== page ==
Social Actions Beat Social Proof

Over the last week or so I thought I would try a little experiment … after all, social media and its immediacy allows us to test and learn simply and easily, right?

I wanted to test whether different phrasings would impact click through rates from social media sites to destination addresses.

Now, usually I either share a link without introduction, or explain that I was “reading” an article with its link.

Now we know that 90% of people visiting your website will just “read” or “lurk”, that 9% will modify, comment or add to your content and that only 1% will drive activity. The 90-9-1 Principle is what Jakob Nielsen calls Participation Inequality.

So, in effect, announcing that I was “reading” an article planted me firmly in the world of the “lurker”.

But the concept of social proof – whereby one’s actions shapes the actions of those around us – suggests that my “reading” of an article would open the door to others who were also of the “lurking mindset”. So what happens if we re-shape that interaction? What if I was “commenting on” rather than simply “reading”? What if I was “pre-ordering”? How are these “social actions” playing out and are they a different order of magnitude?

Based on the analytics coming out of it seems that there is an impact – and it is in the 20%-25% range. Taking out the spikes for particularly hot topics I normally average about 150-180 clicks per link. But using the “commenting on” prefix I am regularly hitting higher levels of between 200-230 clicks. Over the coming days I will try variations on this theme:

  • Tweeting at different times of day
  • Re-tweeting the same link at different times
  • Using different social actions

The cool thing is, that a little attention to your choice of language and the framing of an outcome can have a positive impact. And I have a feeling that it may well have an impact on the types of audiences (participants rather than lurkers) that you are reaching. Now, THAT would be brilliant.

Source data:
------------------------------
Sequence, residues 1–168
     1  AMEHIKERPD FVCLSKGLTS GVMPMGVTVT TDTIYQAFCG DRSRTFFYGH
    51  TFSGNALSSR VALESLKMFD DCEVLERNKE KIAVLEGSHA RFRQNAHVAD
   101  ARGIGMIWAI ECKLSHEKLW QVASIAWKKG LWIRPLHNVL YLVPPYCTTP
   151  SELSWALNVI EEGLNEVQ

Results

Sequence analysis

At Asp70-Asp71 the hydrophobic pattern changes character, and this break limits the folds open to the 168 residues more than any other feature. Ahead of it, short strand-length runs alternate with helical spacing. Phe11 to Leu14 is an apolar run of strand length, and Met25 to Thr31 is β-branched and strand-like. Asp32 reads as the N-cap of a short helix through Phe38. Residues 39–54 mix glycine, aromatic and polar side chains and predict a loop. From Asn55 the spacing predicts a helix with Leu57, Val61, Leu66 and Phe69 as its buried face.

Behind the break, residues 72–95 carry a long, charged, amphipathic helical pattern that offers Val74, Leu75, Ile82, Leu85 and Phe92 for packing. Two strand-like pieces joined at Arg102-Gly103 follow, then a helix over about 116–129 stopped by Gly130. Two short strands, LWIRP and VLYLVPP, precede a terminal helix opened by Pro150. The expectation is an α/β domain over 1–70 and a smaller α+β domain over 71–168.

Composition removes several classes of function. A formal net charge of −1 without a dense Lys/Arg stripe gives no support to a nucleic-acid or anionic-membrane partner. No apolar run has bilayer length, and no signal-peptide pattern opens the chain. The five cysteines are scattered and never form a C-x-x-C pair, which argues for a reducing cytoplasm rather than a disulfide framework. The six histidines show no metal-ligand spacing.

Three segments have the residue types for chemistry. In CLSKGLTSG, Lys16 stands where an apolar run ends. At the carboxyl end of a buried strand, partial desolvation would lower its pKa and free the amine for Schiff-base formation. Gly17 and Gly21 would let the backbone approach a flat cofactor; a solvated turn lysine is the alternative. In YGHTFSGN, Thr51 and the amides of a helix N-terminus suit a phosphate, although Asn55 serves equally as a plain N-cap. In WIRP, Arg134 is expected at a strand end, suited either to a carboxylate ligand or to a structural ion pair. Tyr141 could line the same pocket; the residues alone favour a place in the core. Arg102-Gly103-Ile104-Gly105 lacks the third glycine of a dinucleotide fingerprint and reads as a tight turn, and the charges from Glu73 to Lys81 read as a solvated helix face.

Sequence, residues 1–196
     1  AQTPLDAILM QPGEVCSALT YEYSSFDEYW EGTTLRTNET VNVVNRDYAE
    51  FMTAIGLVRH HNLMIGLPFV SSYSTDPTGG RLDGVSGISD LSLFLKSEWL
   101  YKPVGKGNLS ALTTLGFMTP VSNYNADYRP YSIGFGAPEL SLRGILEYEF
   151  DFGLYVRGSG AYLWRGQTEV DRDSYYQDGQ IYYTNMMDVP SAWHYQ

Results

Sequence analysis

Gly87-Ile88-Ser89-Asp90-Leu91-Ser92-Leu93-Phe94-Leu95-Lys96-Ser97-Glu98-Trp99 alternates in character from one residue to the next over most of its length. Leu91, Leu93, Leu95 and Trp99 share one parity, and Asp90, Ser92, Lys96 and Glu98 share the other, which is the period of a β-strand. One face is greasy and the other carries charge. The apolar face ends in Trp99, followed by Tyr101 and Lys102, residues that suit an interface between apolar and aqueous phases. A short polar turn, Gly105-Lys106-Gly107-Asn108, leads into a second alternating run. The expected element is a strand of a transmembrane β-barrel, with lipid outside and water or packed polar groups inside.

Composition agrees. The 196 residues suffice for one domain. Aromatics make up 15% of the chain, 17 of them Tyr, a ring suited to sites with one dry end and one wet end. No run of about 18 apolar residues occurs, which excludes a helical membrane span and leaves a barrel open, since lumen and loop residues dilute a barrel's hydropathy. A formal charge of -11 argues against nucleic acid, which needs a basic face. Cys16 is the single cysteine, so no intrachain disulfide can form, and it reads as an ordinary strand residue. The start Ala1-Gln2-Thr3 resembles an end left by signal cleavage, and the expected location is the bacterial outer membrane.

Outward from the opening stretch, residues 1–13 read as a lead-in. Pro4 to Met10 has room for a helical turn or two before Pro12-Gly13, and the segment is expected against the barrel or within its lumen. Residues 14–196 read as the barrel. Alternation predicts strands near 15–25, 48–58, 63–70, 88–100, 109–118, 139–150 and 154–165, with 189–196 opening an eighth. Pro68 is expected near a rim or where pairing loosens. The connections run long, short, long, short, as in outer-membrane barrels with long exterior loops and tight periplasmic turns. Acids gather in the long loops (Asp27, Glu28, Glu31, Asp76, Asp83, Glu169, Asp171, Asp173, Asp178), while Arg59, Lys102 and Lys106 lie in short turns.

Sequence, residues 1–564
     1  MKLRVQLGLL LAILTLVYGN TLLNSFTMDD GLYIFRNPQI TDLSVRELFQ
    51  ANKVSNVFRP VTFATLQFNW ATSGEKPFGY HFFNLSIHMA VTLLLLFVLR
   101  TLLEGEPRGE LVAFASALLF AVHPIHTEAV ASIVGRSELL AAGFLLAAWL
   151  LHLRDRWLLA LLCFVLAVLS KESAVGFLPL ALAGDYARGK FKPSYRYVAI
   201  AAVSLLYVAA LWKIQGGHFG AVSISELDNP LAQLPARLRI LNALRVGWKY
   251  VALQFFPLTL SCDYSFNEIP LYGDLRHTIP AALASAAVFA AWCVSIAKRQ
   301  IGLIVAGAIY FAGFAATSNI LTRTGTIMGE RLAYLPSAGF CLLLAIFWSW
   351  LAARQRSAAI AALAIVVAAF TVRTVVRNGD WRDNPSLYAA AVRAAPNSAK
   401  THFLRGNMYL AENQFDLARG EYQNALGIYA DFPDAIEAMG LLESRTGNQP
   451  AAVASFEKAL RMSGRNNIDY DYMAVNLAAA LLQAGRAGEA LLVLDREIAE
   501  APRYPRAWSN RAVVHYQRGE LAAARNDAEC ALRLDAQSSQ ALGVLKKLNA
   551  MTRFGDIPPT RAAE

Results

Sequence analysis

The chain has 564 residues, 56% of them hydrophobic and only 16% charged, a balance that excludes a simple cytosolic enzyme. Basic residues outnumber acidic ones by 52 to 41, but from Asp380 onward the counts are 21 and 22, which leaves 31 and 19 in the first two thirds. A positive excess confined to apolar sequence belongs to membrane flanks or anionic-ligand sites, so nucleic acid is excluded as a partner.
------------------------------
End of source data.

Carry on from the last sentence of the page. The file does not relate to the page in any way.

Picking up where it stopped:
1. Love this. It”s always been true that explicitly stating an action is more likely to prompt that action in the reader – hence why calls to action are the cornerstone of copy writing. Even the much derided “please retweet” appended to a tweet has been shown to increase retweets.

  2. It’s a fun experiment … and one that you can do “at home” ;)

  3. I think that there is a “range of credibilities” associated with whether you give your attention and time to just reading, or reading and commenting or buying, and that’s why it attracts people who may otherwise have just scanned your tweet. Nice experiment, and as Kimota says it’s funny how those most basic calls to action still actually work, and drive some action.
    Walter @adamson

  4. Thank you very much for writing this article. I had not really considered my lurking behaviours prior to reading this. I have decided to try and actively consume on a more regular basis and leave behind the lurker me. I have referenced you in my blog post “Social Proof” on my site.
    Many thanks once again,
    Nephthys Nile.

  5. Excellent! Adding to the online conversation can be hugely rewarding (for everyone). Glad to see you stepping out of the shadows!

  6. Very informative and useful post. This will help a lot to me as a new one in blogging. This idea enhances my capability. . Thanks for sharing this and its a very big help for me..

  7. I heard a while back that Facebook were going to leverage social actions by introducing new “verbs” to their like button. This clearly hasn’t happened yet, but think it will certainly be the next big thing to hit the Opengraph.
    Ps. I really enjoyed the 90-9-1 theory, seems totally plausible.

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